The Fantastic Fest 2016 Backhalf Recap: High Concept Monster Movies & Low-Budget Lore

The second half of this year’s Fantastic Fest, the world’s largest genre film festival, continued to doll out cinematic surprises while dutiful film goers continued to turn out in swarms. Everything from modern films made to look like period pieces, forgotten gems unearthed to see the light of the projector once again, to off-beat shlock-horror, and complete inversions of the monster movie. In short, everything to remind you of the unparalleled variety of weirdness that Fantastic Fest manages to serve up year after year. As the 12th year has now come to a close, here’s a look at how the films from the second half stack up.

Sweet Sweet Lonely Girl


Set in the early 1980s, Sweet Sweet Lonely Girl follows Adele, a young girl sent to care for her shut-in Aunt, in hopes that her mother will get her money when she eventually dies. With a haunting, vintage look, writer/director A.D. Salvo has crafted a hypnotically unsettling tale of moral temptation and decay, complete with fantastic performances, and one of the most pitch-perfect soundtracks to come out of this year’s Fantastic Fest.




Writer/director Simon Rumley’s latest Austin-heavy tale about a thrift store owner whose vision of an ideal life starts to unravel is told through aggressive, edit-heavy cuts that come with an almost metronomic precision. While Austinites might revel at movie’s locations from across the city, including some that are no longer around, others may be put off by Rumley’s distinctly unapologetic directing style.

Nova Seed


A cartoon hand-drawn by one man, Nick DiLiberto, Nova Seed is the story of a dystopian world told with a distinctly Heavy Metal-meets Bakshi vibe. While the story is imaginative, and the idea of a one-animator film is always a testament to the creative determination of artistry, on a whole it never quite manages to live up to its own towering ambition.

Zodiac Killer



Every time I watch something from Something Weird Video, I end up towing the line somewhere between oddly fascinated and bored out of my skull. I appreciate the work that they do, and the notion of preserving lesser known films from history is a wholly admirable endeavor, but sitting down to actually watch a full-length feature can tend to be… tedious. This particular film was made in 1971 with one goal in mind: to capture the real Zodiac Killer, still at large at the time of its release. An cinematic novelty that’s maybe better enjoyed over the course of a few YouTube clips than in one 85-minute sitting.

Ash Vs. Evil Dead



After an uneven, but genuinely entertaining first season, Bruce Campbell and company are back to deal with more deadites; and this time, he brought his dad. It turns out, veteran actor Lee Majors and his unique brand of take-no-bullshit attitude is exactly what the show needed, and the first two episodes do nothing but set the stage for more high-octane, blood-splattering excitement.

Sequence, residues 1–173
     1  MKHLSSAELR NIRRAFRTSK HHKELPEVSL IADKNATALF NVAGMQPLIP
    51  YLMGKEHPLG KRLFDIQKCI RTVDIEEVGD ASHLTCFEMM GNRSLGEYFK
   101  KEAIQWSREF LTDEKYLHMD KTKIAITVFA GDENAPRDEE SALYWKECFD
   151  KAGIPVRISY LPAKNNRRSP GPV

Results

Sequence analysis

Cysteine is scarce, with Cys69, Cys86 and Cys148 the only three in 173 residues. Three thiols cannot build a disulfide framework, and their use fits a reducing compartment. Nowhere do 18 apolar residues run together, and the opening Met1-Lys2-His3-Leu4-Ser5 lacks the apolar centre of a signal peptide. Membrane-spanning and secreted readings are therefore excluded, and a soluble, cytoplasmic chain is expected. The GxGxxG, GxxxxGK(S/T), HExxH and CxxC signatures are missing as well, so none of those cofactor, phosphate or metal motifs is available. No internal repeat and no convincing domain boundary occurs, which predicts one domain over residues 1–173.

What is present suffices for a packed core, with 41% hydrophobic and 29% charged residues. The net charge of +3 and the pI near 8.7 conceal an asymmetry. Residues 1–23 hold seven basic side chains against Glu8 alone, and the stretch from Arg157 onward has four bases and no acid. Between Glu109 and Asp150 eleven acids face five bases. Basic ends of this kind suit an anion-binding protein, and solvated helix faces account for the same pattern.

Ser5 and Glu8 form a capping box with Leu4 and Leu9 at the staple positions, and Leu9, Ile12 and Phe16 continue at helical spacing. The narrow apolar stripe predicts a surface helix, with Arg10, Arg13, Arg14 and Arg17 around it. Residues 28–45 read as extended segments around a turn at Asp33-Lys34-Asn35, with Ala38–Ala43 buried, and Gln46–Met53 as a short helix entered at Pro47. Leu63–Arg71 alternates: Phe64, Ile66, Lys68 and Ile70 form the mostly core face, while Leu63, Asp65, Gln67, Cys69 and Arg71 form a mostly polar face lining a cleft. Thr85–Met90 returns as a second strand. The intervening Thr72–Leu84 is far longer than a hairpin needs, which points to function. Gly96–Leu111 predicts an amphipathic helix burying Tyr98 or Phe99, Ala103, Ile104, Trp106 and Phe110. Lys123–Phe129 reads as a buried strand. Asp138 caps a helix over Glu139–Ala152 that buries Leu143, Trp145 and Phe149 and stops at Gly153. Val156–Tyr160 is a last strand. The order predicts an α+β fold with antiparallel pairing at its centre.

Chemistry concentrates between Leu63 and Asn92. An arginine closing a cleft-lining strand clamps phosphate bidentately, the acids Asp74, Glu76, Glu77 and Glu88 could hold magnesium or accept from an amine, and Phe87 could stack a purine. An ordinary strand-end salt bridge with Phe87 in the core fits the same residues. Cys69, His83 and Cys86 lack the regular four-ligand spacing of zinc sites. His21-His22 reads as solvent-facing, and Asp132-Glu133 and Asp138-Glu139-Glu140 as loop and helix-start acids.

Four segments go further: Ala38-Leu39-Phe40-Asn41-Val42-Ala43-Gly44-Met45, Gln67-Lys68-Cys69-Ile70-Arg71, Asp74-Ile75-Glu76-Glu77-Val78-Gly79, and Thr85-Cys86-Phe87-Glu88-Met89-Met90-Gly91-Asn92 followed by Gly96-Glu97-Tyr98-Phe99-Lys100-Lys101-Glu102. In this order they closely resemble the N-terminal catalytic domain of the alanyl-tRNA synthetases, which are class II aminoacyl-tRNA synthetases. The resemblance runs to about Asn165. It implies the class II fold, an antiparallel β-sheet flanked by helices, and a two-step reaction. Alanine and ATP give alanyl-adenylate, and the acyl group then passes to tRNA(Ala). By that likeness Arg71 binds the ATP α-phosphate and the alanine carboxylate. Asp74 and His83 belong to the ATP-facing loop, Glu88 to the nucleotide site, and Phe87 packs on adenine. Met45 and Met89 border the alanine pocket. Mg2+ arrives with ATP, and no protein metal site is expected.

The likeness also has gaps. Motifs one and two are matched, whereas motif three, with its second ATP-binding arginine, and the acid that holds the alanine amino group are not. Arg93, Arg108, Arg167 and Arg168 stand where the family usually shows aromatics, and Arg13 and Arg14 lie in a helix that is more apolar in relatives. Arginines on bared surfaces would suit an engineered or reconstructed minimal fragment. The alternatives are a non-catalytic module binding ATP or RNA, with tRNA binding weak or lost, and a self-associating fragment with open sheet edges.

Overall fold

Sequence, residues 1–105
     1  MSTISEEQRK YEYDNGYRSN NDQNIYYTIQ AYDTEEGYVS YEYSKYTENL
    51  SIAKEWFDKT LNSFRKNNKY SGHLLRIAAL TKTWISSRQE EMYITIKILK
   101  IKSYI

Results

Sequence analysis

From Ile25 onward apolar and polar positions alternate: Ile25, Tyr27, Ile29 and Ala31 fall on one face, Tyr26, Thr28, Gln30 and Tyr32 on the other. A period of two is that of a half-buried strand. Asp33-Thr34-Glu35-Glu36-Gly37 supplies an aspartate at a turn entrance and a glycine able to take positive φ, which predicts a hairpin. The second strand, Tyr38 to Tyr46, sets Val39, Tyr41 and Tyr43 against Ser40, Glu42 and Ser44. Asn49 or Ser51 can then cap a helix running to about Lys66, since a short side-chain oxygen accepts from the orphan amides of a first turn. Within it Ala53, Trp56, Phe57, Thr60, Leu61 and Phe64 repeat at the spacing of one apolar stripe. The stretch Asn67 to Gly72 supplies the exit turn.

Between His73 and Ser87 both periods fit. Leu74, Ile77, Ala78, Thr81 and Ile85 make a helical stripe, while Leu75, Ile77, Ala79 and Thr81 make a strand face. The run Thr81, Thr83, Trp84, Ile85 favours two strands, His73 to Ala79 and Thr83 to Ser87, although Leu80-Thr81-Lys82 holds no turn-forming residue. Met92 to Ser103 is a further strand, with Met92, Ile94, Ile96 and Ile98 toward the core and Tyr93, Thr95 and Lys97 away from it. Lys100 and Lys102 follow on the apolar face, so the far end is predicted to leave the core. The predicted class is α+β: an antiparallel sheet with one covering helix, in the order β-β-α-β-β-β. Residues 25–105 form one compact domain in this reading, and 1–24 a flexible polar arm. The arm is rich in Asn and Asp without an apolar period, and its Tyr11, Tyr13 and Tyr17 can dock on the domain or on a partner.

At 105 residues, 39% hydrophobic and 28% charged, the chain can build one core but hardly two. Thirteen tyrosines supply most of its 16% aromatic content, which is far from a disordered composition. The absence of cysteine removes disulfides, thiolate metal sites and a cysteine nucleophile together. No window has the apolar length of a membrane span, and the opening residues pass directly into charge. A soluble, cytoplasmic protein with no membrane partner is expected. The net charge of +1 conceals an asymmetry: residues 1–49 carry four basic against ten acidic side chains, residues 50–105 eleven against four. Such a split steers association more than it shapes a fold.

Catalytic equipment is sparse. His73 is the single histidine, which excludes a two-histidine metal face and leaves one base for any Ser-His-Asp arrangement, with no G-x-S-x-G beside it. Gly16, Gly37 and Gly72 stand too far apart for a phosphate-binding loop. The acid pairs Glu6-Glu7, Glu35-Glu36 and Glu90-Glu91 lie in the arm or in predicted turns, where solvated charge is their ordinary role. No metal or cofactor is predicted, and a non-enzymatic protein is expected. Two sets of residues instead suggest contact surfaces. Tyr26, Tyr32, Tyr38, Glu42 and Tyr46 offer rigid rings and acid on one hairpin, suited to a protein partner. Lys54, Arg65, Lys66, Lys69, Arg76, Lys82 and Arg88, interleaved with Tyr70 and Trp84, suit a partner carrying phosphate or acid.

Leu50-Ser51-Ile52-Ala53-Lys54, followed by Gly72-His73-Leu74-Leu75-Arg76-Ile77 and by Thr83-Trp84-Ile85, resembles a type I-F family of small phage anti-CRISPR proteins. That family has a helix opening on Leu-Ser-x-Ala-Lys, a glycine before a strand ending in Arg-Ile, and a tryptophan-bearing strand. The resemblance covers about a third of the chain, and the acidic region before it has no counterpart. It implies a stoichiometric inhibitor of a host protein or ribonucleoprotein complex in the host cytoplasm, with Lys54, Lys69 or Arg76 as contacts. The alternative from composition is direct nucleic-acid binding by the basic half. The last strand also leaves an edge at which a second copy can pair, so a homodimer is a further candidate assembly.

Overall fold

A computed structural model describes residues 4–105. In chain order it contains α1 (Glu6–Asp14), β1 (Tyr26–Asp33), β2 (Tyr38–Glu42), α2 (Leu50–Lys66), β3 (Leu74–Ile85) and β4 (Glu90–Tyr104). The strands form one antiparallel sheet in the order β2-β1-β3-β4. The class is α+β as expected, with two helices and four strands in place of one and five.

The Young Offenders


A confident and surprisingly intricately-plotted debut film for director Peter Foott, The Young Offenders is a delightful romp about two ne’er-do-wells who devise a plan to take two stolen bicycles to find some lost bundles of cocaine. With his ability to weave multiple storylines together and never lose the spirit of a lighthearted comedic romp, Foott is the kind of storyteller worth keeping an eye on in the coming years.

Another Wolfcop



“A lot of film’s have the programming team divided at here Fantastic Fest, and this was one of them,” began the official introduction to Lowell Dean’s sequel to 2014’s genre-schlock masterpiece, Wolfcop. Filled to the brim with over-the-top blood, gore, and one-liners, it’s a perfect film for Saturday afternoons as well as midnight screenings.



With Game of Thrones’ sights set on a definitive end-date, it’s been clear for some time that HBO’s going all in on its new Sci-Fi/Western mashup, helmed by Jonathan Nolan and Lisa Joy, based on the 1973 Michael Crichton-scripted movie. If the pilot episode is any indication, HBO picked the right basket to put its eggs in. An old west-style theme park populated by thousands of life-like androids, Westworld has already put several storylines in motion, examining everything from the question of artificial intelligence and the limits of human morality, all packaged together with some of the finest camerawork to appear on the small screen. Cerebral, visceral, and complicated without feeling over-explained, Westworld has real potential to become the dominant topic of Monday-morning conversations.




This is the kind of movie where the less you know about it the better, but when I was watching this movie, around the 40 minute mark I started thinking “maybe the ‘monster’ in this movie is some kind of metaphor.” But no, it’s very much a monster movie, and with the delightfully irreverent Nacho Vigalondo at the helm, it manages to complete subvert the genre, making something that are heart-breaking, hysterical, and belligerently original. While it may seem like a little… much (and it probably will be for some audiences), Anne Hathaway’s stellar performance as Gloria manages to ground the film without relinquishing any of its over-the-top sensibility. It was also the most fun I had watching a movie all year, and I can’t wait to see it again.

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